The last month has been the start of a new chapter for me. I resigned from my job – sometimes when all other things are equal and you’ve looked at all options, voting with your feet is the thing to do, even when you don’t know where you’re going. I feel like I’ve achieved a lot and I’ll continue to follow the discussion on access to the natural resources of Wales very closely. The personal drive for countryside access is something fundamental to me and it’s at the heart of why I love being active in the outdoors.
Doors close, other opportunities open. Time is now my commodity again and the need for income will replace this only to quickly!
Along with leaving my job, a couple of other experiences have been making me do some soul searching. Amongst these, the reason for this blog, is a very dear friend in Australia. He asked me to consider a book by someone who doesn’t see distance running as healthy. I greatly respect this friend, he’s known me since being at my most vulnerable and has a certain insight that makes his thoughts challenging and valuable. However, on pushing myself hard physically I know that it is fundamental to me, its a non negotiable.
It’s a strange feeling, and one that I have tried to understand why it is at my core. It should be obvious I suppose, but it’s just outside what I can see clearly. To explain it, I have to look backwards to look forwards.
I’ve always been above average in sports – good hand eye co-ordination and plenty of opportunity has been useful for that. I’ve never been ‘elite’ but I’ve been to selections for county sports and other higher teams. Despite enjoying the “killer” moments when beating someone was there, I never found winning the real core of my enjoyment. The central enjoyment is in using my body and mind to it’s limit. Sure there is a point where that makes you a winner, but I’ve never really experienced that. The point for me is that exertion makes me feel vital, alive and me, not at the whim of someone else.
The only place that this happens for me is in wild areas. Perhaps it is my safe place because I used the outdoors as a place to escape the non school hours whilst my parents journeyed through surgery, chemotherapy and radiotherapy to their death. By escaping into the woods, the outdoors, riding bikes, swimming in lakes, fishing, canoeing tin baths, wild camping, map reading, climbing and making fires I didn’t have time to focus on morphine pumps, colostomy bags, anti-emetics, iced Complan meals and the day to day focus of parents suffering with cancer as a teenager. Sure, I had more chores to do than my peers, and expectations of academic success were daily reminders of who I “needed” to become p gain approval. Even then I knew city life wasn’t where my head was at, but I had access to woods and lakes right out my back gate and a dog for company when I wanted it.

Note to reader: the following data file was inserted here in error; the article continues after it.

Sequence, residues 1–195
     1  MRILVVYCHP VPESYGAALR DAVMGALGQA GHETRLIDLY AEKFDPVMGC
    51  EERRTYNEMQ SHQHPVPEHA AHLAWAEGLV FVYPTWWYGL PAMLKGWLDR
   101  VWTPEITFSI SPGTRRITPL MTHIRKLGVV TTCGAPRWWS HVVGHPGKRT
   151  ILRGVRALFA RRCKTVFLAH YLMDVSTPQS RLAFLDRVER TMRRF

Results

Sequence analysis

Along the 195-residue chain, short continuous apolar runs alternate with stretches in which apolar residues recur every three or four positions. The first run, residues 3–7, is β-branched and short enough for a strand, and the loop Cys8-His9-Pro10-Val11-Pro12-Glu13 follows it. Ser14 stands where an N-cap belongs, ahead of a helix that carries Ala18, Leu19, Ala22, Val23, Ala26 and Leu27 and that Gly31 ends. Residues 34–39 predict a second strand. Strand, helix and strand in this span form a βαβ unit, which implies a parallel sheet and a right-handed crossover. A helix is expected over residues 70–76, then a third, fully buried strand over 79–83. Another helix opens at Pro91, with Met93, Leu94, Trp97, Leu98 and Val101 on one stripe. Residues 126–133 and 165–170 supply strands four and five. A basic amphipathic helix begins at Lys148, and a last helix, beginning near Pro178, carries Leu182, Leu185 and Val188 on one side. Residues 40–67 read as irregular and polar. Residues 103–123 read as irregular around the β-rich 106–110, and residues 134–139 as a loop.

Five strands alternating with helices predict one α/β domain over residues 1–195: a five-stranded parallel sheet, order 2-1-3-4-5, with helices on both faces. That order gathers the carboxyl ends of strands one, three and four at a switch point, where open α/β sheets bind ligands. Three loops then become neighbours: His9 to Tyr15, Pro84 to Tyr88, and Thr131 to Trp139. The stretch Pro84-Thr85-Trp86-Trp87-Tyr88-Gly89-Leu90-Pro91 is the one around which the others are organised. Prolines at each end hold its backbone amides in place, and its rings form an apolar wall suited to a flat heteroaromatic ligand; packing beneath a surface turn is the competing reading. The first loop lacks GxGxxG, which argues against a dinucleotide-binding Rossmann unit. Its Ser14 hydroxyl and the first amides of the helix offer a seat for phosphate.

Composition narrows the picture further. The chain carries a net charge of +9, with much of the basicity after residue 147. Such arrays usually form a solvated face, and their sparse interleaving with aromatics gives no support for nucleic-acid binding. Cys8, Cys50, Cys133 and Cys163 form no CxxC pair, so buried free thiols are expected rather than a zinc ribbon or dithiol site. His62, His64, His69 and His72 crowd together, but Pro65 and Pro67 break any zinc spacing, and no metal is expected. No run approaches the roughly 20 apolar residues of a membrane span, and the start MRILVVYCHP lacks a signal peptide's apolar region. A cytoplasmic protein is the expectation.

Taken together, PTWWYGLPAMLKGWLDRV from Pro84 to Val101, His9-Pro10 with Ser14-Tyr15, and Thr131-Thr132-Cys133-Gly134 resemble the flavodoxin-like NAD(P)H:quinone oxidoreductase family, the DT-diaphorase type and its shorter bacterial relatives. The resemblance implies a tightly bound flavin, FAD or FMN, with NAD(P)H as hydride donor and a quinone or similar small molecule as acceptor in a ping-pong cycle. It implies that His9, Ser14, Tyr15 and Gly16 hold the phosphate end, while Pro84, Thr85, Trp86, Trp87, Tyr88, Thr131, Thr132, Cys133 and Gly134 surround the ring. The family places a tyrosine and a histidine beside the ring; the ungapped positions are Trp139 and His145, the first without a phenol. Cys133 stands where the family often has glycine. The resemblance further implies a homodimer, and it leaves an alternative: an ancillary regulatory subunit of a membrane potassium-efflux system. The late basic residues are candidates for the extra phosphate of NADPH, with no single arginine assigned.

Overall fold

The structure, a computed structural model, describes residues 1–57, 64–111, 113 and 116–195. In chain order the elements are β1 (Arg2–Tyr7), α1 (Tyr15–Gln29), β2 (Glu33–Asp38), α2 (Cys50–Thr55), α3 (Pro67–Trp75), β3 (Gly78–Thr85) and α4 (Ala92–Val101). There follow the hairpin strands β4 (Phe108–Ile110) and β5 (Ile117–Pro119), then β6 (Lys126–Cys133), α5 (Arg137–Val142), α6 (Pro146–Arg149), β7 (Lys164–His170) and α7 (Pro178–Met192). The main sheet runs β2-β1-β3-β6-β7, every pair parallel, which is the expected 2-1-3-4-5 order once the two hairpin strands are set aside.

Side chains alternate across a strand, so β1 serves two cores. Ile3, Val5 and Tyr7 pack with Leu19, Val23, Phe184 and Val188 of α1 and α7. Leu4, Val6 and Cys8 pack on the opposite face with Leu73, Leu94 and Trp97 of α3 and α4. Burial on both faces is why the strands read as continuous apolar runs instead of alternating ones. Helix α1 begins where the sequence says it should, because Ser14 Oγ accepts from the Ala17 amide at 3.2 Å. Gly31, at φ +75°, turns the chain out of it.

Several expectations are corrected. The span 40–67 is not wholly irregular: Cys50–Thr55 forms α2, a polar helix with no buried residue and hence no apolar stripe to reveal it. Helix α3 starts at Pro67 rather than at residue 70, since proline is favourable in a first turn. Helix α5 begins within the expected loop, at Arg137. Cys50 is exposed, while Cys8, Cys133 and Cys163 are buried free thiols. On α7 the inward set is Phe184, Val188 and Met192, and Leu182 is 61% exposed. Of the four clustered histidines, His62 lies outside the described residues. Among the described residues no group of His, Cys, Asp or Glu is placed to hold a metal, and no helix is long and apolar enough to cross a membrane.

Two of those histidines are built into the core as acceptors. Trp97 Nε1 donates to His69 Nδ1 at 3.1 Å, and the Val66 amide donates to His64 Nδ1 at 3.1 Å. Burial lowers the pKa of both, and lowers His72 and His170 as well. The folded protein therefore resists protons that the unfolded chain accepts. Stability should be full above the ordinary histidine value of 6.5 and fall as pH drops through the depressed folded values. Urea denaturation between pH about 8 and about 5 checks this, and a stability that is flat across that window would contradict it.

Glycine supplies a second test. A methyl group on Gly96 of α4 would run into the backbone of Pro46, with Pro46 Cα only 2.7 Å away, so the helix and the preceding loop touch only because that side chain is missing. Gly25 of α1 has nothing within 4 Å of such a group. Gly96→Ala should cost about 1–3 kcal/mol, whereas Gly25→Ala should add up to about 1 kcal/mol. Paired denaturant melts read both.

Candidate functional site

I found the immediate loss of parents pretty tough, 20 years old, selling family homes, deciding what had sentimental value, where to live and what to do had a great deal to play in my bereavement journey. But it also shifted my life expectations. My Dad, my hero, lived to 47. The lack of “life” available to us as a family after 7 years of Mum, then Dad fighting cancer really made me aware of the continual passing of time and hence, its value. As a 20 year old thinking you could be half way through your available life, reference points become very different. Yes, I partied, yes, I struggled with the concept of premature death happening to me. As I did this the outdoors became even more important to me. Oceans, rivers, mountains, deserts, forests, wild spaces and even Lordswood in Southampton showed me more than the night-life in East Grinstead ever could. Whilst others were saving up for designer jeans, I was buying Trangia stoves. It sounds very Crocodile Dundee, but the urban space is relatively simple to understand if you know nature. Initially, for me the battle was mental, how to be and feel safe in these different environments and then as these skills developed the challenge became physical.
My expectations for life shifted from quantity to quality. Whether here for another day, year, decade or however long wasn’t important. Living in the moment and feeling alive is something that underpins who I am.
In a very scientific, physics oriented point of view, our frames of reference can be very different all at the same time. Think two cars travelling towards each other and the view of speed from passengers, observers and a plane flying overheard. Being in the middle of the ocean and watching the stars and thinking how far away those things are is incomprehensible. Journeying through vast landscapes makes a small human being feel totally inconsequential. Stuck 40 km into a run and faced with 100m of short steep trail that scale is the important one, not how far it is to Alpha Centauri. And yet those can all seem insurmountable. Those big things can be quite frightening if you over think them. But its the small things we exist in, that 100m of steep trail. Who are we, what are we, what happens when you die? All very fundamental things, but as a society we don’t really think about them. I guess if you can’t answer them robustly it asks what is the point in your life? If we believe it is about “the greater good” there is every chance that our lives will end up like a scene from Hot Fuzz with a church steeple stuck in our throat – “i’ hur’s”.